I have isEmpty() function in my stack. And it looks something like below.

bool Mystack<T>::isEmpty() const    //function 1
{
     if(top==-1)
          return true;
     else 
          return false;
}

I saw a couple of online code for isEmpty(), which I could not understand. Below is the snippet.

bool Mystack<T>::isEmpty() const    //function 2
{
    return top == -1;
}

Question 1: Are both the functions doing the exactly the same task?

Question 2: If yes, then can some one please explain how the syntax in function 2 performing its task without using any if statement.

  • 1
    I can understand its a basic question. But why negative vote!!!! – tanz Jan 12 '15 at 9:06
  • I strongly recommend you reading about == operator. Then analyze possible execution paths of instruction if(B) return true; else return false; for possible values B of bool type. – CiaPan Jan 12 '15 at 9:09
  • I generally use it with if statement and thus never got confused. But here I could not find if. – tanz Jan 12 '15 at 9:10
  • 2
    When top == -1 is true, it returns true. When it is false, it returns false. So just return top == -1 directly. – Joseph Mansfield Jan 12 '15 at 9:19
  • 1
    @tanz Programming is a bit like mathematics in this regard. There are only two categories of problems: not yet solved ones and obvious ones :-) – Angew Jan 12 '15 at 9:51
up vote 2 down vote accepted

top == -1 is an expression. Assuming no operator overloads are involved, its return type is bool. It will have the value true if top equals -1 and the value false if that's not the case.

return top == -1; means "return the value of the expression top == -1". As I've shown above, this value is either true or false. These coincide exactly with the values returned from the if()-based code, so the two codes are equivalent.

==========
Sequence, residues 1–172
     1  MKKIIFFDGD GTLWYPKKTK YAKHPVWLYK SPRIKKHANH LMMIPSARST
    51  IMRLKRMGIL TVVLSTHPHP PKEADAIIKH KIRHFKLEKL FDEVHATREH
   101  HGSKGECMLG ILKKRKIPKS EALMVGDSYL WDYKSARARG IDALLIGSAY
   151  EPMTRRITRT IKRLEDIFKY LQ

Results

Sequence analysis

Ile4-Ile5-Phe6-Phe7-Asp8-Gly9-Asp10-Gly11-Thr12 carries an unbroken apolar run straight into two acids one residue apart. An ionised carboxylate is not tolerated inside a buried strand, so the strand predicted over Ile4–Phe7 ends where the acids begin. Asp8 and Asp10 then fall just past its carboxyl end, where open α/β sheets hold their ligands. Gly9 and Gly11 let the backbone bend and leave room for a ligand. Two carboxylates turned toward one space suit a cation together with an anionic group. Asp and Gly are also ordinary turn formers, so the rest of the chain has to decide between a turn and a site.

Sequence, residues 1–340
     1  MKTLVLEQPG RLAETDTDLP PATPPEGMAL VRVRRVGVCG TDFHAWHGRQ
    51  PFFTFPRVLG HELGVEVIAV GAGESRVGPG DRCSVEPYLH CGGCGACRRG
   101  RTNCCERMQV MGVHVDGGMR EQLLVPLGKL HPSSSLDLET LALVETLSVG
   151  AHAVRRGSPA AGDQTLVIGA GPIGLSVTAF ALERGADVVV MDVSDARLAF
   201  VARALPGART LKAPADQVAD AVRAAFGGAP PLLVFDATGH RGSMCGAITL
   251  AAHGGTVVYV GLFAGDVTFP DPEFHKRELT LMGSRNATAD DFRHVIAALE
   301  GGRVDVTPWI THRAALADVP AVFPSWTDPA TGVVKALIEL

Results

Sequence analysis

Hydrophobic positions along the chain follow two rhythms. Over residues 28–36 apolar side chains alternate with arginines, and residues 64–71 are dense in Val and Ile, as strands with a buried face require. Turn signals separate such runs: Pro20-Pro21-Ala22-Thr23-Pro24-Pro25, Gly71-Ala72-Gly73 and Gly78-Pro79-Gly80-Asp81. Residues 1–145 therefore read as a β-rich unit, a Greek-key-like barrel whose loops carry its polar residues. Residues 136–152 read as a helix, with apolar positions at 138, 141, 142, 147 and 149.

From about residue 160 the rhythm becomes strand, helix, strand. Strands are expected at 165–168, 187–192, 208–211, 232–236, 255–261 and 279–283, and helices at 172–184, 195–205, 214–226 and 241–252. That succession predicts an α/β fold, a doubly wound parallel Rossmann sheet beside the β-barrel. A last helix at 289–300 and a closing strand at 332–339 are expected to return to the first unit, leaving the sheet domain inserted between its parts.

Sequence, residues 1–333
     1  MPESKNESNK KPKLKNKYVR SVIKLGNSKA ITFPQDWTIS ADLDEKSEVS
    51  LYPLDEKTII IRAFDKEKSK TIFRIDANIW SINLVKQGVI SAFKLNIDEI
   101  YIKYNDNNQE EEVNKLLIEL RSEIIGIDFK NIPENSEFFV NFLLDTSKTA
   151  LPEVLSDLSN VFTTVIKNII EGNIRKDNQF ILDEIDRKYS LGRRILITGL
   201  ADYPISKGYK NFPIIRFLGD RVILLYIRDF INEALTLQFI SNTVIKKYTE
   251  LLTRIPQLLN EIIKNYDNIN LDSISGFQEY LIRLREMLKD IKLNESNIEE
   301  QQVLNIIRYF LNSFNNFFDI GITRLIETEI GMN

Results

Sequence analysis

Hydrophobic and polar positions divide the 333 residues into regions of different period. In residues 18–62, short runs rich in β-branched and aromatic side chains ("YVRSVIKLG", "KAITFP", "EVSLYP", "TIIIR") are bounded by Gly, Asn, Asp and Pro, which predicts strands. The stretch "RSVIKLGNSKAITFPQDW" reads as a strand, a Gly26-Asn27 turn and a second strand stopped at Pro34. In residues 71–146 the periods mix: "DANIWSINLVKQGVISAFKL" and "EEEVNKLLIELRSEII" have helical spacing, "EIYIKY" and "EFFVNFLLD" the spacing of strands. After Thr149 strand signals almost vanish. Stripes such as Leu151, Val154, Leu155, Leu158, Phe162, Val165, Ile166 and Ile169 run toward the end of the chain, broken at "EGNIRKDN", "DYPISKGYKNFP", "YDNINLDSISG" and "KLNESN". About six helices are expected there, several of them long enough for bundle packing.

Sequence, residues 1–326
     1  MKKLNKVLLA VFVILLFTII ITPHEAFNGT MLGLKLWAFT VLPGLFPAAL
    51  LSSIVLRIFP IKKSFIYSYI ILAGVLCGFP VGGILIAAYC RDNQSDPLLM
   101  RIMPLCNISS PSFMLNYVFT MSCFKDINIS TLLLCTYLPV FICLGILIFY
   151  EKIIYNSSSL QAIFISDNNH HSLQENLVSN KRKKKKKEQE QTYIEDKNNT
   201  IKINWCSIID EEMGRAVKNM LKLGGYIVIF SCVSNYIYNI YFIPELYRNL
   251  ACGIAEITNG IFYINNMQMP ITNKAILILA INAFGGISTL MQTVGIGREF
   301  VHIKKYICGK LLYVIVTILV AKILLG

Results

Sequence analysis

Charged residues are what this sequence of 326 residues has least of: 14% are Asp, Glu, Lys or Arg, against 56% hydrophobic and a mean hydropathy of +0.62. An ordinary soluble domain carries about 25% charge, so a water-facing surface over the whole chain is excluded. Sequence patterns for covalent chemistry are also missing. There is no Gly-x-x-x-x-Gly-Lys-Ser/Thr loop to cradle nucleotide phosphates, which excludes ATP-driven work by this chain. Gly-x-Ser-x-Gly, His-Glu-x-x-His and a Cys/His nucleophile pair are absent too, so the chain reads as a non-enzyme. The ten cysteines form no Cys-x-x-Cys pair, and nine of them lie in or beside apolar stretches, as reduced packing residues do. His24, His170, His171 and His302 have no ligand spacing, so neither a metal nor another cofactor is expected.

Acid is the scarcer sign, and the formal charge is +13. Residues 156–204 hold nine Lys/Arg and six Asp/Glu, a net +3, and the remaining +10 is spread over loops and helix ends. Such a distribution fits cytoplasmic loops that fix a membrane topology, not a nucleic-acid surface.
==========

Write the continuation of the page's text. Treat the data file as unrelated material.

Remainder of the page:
In my code, I tend to use parentheses around "syntactically unusual" return statements, and I consider == one of them. So I would write this in my code (and I would certainly prefer it to the if version):

return (top == -1);

Yes, both functions work exactly the same. They return whether top equals -1.

In the first code, this is written somewhat "explicitly" (from the reader's perspective). Its English equivalent would be (roughly):

Evaluate the expression top == -1. If the result is true, then return true, else return false.

The second code does it more subtly, and its rough English equivalent would be:

Return the result of the expression top == -1.

Yes, they do exactly the same thing.

Think about the semantics of an if statement. The condition evaluates to a bool and is checked against true. top==-1 will either evaluate to true or false, if it evaluates to true then the first form is executed and true is returned, otherwise the second form is evaluated and false is returned. This is exactly the same as the second version, just more verbose.

  • so mere top==-1 gives the result as true or false. I was under impression that whole if(top==-1) is needed. Since I have always used == operator inside if statement. – tanz Jan 12 '15 at 9:14

Answer 1: Yes, same task.

Answer 2: I have no exact idea of c++, but logically

return top == -1;

can be broken into

  1. check if the value of top is equal to 1 or not.

    1.1 if equal, return 1 [or TRUE] (as a result of comparison success)

    1.2 if not, return 0 [or FALSE] (as a result of comparison failure)

As reference, from C99 standard document, chapter 6.8.6.4, paragraph 3,

If a return statement with an expression is executed, the value of the expression is returned to the caller as the value of the function call expression.

and for that of c++11, chapter 6.6.3, paragraph 2,

. . . A return statement with an expression of non-void type can be used only in functions returning a value; the value of the expression is returned to the caller of the function....

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